Beyond that, you could also tell the story of my decision to change career paths multiple ways. I've written about that before, too, and still believe that trying to make sense of people's messy lives with neat, clean narratives is a mistake.
I was flippant about it last night on Twitter, but I really have made peace with the fact that younger me made sacrifices to stay in a career that current me decided she didn't want. I view all of my career experiences as building on the previous ones, and not just because the money I earned in my first career is what gave me the space to try this new one. It also gave me knowledge and skills that are relevant, even as some other knowledge and skills are getting left behind, at least for now.
Also, I'm truly excited about what I'm trying to do now. There are definitely problems in science and technology that are related to gender, race, disability, sexual orientation, and other factors about which people are often biased. I applaud and support the people tackling those problems.
There are also problems related to the fact that the cultures of science and technology undervalue the skills required to manage groups of people working together. This undervaluing leads to people managing groups of people working together with no actual clue how to do it well. Sometimes they have good instincts and do OK. Sometimes they don't, and really bad things happen. I don't think these career paths burnout so many people because they are working on such hard problems- a lot of the people who choose these fields choose them because they enjoy working on hard problems. I believe the lack of management skills contributes directly to the burnout rate. That is just a belief right now, because I've never seen any data on it, but this is where I think I can make a more direct contribution. And that is one of the things I'm trying to do in my current work.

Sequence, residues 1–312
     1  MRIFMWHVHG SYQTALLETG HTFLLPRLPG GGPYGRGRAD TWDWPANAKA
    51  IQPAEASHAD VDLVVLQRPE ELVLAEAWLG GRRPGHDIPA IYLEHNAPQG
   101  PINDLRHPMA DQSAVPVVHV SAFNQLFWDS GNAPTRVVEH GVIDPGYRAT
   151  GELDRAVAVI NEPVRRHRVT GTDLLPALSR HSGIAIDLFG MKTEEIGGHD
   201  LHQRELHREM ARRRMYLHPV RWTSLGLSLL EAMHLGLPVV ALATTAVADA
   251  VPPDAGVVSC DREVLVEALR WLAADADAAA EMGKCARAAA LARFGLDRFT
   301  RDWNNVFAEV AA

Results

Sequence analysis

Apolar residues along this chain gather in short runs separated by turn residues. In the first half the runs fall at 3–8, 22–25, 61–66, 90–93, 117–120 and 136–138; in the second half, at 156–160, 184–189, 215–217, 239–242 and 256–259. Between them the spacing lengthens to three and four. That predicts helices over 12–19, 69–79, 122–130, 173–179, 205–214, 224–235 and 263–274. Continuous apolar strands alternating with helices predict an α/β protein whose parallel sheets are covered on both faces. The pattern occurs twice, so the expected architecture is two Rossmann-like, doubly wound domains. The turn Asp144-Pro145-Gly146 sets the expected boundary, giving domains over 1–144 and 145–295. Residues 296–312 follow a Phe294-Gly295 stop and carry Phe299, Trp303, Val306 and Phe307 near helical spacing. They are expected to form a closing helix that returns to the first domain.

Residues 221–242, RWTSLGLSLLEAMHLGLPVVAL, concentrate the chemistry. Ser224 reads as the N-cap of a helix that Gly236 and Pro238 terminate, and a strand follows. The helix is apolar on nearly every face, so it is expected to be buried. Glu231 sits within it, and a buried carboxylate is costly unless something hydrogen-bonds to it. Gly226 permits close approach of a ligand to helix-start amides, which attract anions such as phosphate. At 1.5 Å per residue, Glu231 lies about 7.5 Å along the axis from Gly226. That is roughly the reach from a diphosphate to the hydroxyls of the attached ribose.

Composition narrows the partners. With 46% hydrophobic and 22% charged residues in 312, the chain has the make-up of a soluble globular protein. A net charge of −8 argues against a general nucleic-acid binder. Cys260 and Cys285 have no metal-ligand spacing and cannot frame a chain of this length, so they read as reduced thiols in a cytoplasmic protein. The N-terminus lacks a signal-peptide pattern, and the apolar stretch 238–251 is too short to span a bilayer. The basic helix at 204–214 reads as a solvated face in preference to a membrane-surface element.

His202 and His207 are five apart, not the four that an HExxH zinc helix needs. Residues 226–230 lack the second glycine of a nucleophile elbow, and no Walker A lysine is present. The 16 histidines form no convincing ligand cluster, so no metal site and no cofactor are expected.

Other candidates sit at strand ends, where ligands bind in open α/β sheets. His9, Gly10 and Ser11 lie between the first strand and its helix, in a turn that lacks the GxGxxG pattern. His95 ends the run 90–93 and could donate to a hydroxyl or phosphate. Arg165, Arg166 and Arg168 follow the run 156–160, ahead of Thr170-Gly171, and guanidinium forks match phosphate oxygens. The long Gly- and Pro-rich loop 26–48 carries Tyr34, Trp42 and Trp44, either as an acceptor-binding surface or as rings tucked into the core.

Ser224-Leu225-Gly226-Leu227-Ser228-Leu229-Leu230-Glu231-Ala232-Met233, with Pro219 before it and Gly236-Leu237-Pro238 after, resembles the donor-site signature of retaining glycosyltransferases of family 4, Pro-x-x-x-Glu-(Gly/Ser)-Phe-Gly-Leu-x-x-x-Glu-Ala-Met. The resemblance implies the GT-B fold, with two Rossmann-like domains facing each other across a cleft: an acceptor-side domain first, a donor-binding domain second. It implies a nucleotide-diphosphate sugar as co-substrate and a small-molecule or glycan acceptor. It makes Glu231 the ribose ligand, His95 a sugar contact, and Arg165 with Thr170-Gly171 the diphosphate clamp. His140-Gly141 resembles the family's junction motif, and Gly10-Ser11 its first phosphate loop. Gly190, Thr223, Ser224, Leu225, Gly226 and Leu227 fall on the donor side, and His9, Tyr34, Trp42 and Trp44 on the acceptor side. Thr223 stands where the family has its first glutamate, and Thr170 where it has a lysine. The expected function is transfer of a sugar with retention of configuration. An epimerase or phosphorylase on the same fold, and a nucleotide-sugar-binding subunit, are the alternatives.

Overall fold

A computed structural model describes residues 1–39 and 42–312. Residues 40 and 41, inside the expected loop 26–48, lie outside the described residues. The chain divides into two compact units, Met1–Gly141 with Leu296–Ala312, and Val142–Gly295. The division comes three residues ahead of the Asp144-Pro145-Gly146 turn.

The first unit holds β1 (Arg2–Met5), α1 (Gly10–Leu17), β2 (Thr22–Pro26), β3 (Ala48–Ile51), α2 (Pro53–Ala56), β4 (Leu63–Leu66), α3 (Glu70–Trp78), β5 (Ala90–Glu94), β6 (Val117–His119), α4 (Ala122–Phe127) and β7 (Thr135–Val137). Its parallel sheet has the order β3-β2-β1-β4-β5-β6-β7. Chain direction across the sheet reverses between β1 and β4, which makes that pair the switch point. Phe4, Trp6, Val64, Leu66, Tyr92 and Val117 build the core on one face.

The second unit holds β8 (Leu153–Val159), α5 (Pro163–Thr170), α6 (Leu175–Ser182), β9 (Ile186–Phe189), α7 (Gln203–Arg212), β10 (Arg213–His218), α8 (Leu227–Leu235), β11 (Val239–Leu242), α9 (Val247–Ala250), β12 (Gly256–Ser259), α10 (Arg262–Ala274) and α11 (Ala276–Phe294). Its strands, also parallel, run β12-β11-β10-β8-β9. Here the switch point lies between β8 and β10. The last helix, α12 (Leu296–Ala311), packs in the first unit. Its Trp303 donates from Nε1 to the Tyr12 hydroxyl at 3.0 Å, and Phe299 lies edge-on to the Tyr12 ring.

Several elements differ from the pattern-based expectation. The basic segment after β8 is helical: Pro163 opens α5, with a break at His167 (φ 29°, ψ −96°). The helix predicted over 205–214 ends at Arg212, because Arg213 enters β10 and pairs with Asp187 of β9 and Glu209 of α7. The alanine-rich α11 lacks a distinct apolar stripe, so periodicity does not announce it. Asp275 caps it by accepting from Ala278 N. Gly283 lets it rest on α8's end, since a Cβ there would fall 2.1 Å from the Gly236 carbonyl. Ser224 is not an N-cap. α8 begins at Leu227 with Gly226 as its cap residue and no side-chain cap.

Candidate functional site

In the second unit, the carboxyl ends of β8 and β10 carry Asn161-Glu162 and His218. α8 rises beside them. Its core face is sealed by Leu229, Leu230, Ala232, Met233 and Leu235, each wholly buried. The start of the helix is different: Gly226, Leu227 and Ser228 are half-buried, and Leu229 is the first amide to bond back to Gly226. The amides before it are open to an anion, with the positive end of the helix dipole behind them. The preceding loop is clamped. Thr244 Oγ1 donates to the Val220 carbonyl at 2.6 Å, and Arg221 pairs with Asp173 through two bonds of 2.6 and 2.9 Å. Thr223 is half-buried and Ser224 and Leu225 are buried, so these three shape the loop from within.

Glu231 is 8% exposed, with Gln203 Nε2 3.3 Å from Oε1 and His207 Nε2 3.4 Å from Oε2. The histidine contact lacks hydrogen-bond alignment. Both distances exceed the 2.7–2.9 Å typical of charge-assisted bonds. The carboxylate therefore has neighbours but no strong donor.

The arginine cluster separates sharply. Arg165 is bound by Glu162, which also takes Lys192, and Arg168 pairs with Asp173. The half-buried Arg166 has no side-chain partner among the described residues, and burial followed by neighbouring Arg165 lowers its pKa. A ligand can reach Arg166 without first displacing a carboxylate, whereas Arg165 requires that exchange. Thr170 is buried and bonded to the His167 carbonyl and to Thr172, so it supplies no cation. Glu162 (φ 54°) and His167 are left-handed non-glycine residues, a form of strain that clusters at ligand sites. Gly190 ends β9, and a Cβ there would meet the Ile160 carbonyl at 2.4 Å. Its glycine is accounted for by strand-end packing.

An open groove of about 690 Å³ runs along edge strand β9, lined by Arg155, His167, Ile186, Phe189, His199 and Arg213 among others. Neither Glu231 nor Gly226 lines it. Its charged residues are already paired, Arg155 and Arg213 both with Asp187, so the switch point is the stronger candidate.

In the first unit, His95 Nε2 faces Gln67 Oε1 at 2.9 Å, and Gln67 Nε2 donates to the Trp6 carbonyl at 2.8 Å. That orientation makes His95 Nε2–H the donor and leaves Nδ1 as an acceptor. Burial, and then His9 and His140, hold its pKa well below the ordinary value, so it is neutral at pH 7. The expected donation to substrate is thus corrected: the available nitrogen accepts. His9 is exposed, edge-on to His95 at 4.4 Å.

I'm trying to do other things that really matter to me, too. But this post is getting long and rambly, so I'll save that for another time.
My point here is that: yes, bad things have happened over the course of my career. Some of those things probably had a role in my decision to change my career. But other things also had a role, and some of those were positive- I saw different problems I wanted to work on. In the end, it doesn't matter why I, personally, left my old career path. What matters is that on average, more women leave than men. Personal stories help people make sense of that overall trend, but don't expect any of them to be neat and tidy stories.
And I'll leave it there. I needed to get this much out, to finish processing what I was feeling when I read that story last night, but I don't want to delve deeper. I have enough work booked and enough money in the bank to be certain that I'll get to stay on this career path for the rest of this year. If it becomes clear that I'll need to go back to something closer to my old career path in order to pay the bills, then I'll need to examine what caused me to leave a bit more closely, so that I can find a way to go back and stay healthy and happy.
Until then, though, I think I'll bury this again. I have work to do.